Revenue from advertisements, sponsorship and events is recognised on the date of the exhibition of the advertisement/ event, over the period of the contract or on completion of the Company''s obligations, as applicable.

Revenue from equipment hire/ facility rental

Income from equipment hire/ facility rental is recognised on a straight-line basis over the period of the relevant agreement/ arrangement.

Revenue from business support service

Revenue from business support service is recognised on rendering of service as per the terms and conditions of the agreement.

Dividend & Interest income

Dividend income from investments is recognised when the shareholder''s right to receive payment has been established (provided that it is probable that the economic benefits will flow to the Company and the amount of income can be measured reliably). Interest income from a financial asset is recognised when it is probable that the economic benefits will flow to the Company and the amount of income can be measured reliably. Interest income is accrued on a time basis, by reference to the principal outstanding and at the effective interest rate applicable, which is the rate that exactly discounts estimated future cash receipts through the expected life of the financial asset to that asset''s net carrying amount on initial recognition. Interest income is recorded using the effective interest rate (EIR). EIR is the rate that exactly discounts the estimated future cash payments or receipts over the expected life of the financial instrument or a shorter period, where appropriate, to the gross carrying amount of the financial asset. Interest income is recorded using the Effective Interest rate.

2.6 Employee benefits

Short term employee benefits

All employee benefits payable wholly within twelve months of rendering the service are classified as short-term employee benefits. These benefits include salaries and wages, bonus, Compensated absences such as paid annual leave and seekness leave. The undiscounted amount of short-term employee benefits expected to be paid in exchange for the services rendered by employees is charged to the Statement of profit and loss in the period in which such services are rendered.

Post-employment benefits Defined contribution plan:

A defined contribution plan is a post-employment benefit plan under which an entity pays specified contributions to a separate entity/fund and has no obligation to pay any further amounts. The Company makes specified monthly contributions towards Provident Fund. The Company''s contribution is recognised as an expense in the Statement of profit and loss during the period in which employee renders the related service.

Defined benefit plan:

The Company has calculated the gratuity liability for fifteen days per month based on the last basic salary drawn by the employee for every completed year of service or part thereof in excess of six months. The gratuity liability recognised in the Balance sheet represents the gratuity liability and as reduced by the fair value of the said assets. The scheme is funded with an insurance company in form of qualify insurance policy.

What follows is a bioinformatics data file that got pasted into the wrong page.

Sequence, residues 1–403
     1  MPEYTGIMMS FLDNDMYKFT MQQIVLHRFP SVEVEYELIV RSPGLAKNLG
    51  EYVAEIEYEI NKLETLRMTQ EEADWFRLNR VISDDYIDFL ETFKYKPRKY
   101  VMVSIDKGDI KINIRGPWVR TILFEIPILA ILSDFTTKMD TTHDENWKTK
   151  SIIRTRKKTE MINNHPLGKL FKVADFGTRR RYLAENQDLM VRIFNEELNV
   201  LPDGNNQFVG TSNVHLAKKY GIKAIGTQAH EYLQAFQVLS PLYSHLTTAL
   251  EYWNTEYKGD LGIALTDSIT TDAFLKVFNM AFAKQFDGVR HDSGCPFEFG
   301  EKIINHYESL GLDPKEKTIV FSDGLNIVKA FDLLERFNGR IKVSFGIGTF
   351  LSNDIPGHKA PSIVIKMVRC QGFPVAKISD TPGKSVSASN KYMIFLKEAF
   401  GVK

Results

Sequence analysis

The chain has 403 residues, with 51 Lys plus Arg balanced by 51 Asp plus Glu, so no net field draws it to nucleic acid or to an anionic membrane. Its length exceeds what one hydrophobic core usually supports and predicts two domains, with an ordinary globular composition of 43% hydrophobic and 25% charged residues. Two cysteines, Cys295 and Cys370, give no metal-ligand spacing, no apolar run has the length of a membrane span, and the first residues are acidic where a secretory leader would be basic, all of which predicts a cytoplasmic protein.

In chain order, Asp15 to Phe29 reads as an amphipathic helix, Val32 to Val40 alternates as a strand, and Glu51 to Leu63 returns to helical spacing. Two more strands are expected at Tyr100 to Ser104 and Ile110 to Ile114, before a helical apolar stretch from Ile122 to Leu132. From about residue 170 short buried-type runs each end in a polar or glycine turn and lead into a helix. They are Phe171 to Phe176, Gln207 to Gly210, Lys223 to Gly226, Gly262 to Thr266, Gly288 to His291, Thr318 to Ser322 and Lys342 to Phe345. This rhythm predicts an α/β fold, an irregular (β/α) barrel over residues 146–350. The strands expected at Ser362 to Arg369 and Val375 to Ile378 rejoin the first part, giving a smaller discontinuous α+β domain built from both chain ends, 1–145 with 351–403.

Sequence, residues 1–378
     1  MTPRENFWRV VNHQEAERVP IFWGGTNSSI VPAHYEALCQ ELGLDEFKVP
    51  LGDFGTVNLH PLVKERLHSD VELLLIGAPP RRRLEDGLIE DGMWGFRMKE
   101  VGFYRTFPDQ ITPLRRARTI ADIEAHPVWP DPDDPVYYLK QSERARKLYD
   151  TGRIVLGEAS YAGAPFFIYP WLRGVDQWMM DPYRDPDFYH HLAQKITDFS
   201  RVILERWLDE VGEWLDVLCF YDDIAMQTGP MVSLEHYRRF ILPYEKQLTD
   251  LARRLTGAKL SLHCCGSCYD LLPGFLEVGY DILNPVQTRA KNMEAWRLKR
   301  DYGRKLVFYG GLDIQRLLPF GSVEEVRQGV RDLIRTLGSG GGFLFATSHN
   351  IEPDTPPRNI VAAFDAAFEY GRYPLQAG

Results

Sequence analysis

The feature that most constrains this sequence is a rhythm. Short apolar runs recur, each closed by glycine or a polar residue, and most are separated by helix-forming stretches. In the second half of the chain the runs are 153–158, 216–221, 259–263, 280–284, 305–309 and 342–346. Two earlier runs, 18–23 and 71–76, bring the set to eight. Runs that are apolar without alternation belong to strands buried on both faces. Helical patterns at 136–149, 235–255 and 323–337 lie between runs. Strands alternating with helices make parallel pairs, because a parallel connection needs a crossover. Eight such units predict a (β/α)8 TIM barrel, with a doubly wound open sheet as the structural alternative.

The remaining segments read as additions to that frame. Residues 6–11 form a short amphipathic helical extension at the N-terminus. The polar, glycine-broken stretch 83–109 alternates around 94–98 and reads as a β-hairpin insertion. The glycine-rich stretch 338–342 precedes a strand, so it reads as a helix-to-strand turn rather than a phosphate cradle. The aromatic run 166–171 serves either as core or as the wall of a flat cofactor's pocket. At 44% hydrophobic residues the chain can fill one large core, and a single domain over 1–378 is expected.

Contributions are made to LIC in respect of gratuity based upon actuarial valuation done at the end of every financial year using ‘Projected Unit Credit Method''. Major drivers in actuarial assumptions, typically, are years of service and employee compensation. Gains and losses on changes in actuarial assumptions are accounted in the statement of profit and loss.

Other long-term employee benefits

Compensated absences which are not expected to occur within twelve months after the end of the period in which the employee renders the related services are recognised as a liability. The Company calculates the liability based on the total leave hour balance as at the year end restricted to forty two days and the last salary drawn by the employees.

2.7 Borrowing Costs

General and specific borrowing costs that are directly attributable to the acquisition, construction of a qualifying asset are capitalised during the period of time that is required to complete and prepare the asset for its intended use or sale. Qualifying assets are assets that necessarily take a substantial period of time to get ready for their intended use.

Investment income earned on the temporary investment of specific borrowings pending their expenditure on qualifying assets is deducted from the borrowing costs eligible for capitalisation.

Other borrowing costs are expensed in the period in which they are incurred.

2.8 Leases

Assets taken on operating lease

The Company has various operating leases, principally for office space, with various renewal options. Rental expense in agreements with scheduled rent increases is recorded on a straight-line basis over the lease term.

In case of certain cinema properties, rent is accounted as a certain percentage of revenue generated from the cinema property or fixed minimum guarantee amount, whichever is higher, as provided for in the lease agreements.

Assets given on operating lease

Lease rentals in respect of assets given on operating lease are recognised on a straight-line basis over the lease term unless another systematic basis is more representative of the time pattern of the benefit received.

2.9 Taxation

Income-tax expense comprises current tax expense and deferred tax charge or credit.

Current tax

Provision for current tax is recognised in accordance with the provisions of the Income-tax Act, 1961 and is made based on the tax liability after taking credit for tax allowances and exemptions.

Minimum Alternative Tax Credit entitlement